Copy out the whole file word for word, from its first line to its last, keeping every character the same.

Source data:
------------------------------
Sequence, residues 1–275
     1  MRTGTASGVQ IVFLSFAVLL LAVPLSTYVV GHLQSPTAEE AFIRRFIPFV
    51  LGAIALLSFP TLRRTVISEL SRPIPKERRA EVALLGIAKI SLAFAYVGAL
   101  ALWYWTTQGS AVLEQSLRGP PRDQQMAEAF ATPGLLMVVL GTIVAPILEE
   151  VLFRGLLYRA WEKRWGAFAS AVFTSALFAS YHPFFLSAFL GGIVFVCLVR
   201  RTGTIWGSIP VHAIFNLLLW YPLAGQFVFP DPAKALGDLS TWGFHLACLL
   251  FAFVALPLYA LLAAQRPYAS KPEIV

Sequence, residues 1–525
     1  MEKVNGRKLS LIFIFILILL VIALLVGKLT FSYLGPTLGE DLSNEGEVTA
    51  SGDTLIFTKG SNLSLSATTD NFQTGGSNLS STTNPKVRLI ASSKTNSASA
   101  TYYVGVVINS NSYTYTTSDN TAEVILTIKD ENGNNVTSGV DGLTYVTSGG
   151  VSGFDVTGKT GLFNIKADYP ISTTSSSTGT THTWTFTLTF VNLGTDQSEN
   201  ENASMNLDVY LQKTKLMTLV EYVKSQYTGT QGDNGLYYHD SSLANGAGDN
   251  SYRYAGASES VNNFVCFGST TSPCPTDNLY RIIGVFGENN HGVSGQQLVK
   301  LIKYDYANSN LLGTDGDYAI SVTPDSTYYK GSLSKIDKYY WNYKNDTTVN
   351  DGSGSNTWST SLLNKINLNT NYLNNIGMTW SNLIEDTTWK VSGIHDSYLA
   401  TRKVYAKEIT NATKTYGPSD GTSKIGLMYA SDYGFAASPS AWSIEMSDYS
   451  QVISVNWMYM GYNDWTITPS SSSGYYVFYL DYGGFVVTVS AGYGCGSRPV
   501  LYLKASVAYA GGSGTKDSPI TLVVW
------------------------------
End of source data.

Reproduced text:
Sequence, residues 1–275
     1  MRTGTASGVQ IVFLSFAVLL LAVPLSTYVV GHLQSPTAEE AFIRRFIPFV
    51  LGAIALLSFP TLRRTVISEL SRPIPKERRA EVALLGIAKI SLAFAYVGAL
   101  ALWYWTTQGS AVLEQSLRGP PRDQQMAEAF ATPGLLMVVL GTIVAPILEE
   151  VLFRGLLYRA WEKRWGAFAS AVFTSALFAS YHPFFLSAFL GGIVFVCLVR
   201  RTGTIWGSIP VHAIFNLLLW YPLAGQFVFP DPAKALGDLS TWGFHLACLL
   251  FAFVALPLYA LLAAQRPYAS KPEIV

Sequence, residues 1–525
     1  MEKVNGRKLS LIFIFILILL VIALLVGKLT FSYLGPTLGE DLSNEGEVTA
    51  SGDTLIFTKG SNLSLSATTD NFQTGGSNLS STTNPKVRLI ASSKTNSASA
   101  TYYVGVVINS NSYTYTTSDN TAEVILTIKD ENGNNVTSGV DGLTYVTSGG
   151  VSGFDVTGKT GLFNIKADYP ISTTSSSTGT THTWTFTLTF VNLGTDQSEN
   201  ENASMNLDVY LQKTKLMTLV EYVKSQYTGT QGDNGLYYHD SSLANGAGDN
   251  SYRYAGASES VNNFVCFGST TSPCPTDNLY RIIGVFGENN HGVSGQQLVK
   301  LIKYDYANSN LLGTDGDYAI SVTPDSTYYK GSLSKIDKYY WNYKNDTTVN
   351  DGSGSNTWST SLLNKINLNT NYLNNIGMTW SNLIEDTTWK VSGIHDSYLA
   401  TRKVYAKEIT NATKTYGPSD GTSKIGLMYA SDYGFAASPS AWSIEMSDYS
   451  QVISVNWMYM GYNDWTITPS SSSGYYVFYL DYGGFVVTVS AGYGCGSRPV
   501  LYLKASVAYA GGSGTKDSPI TLVVW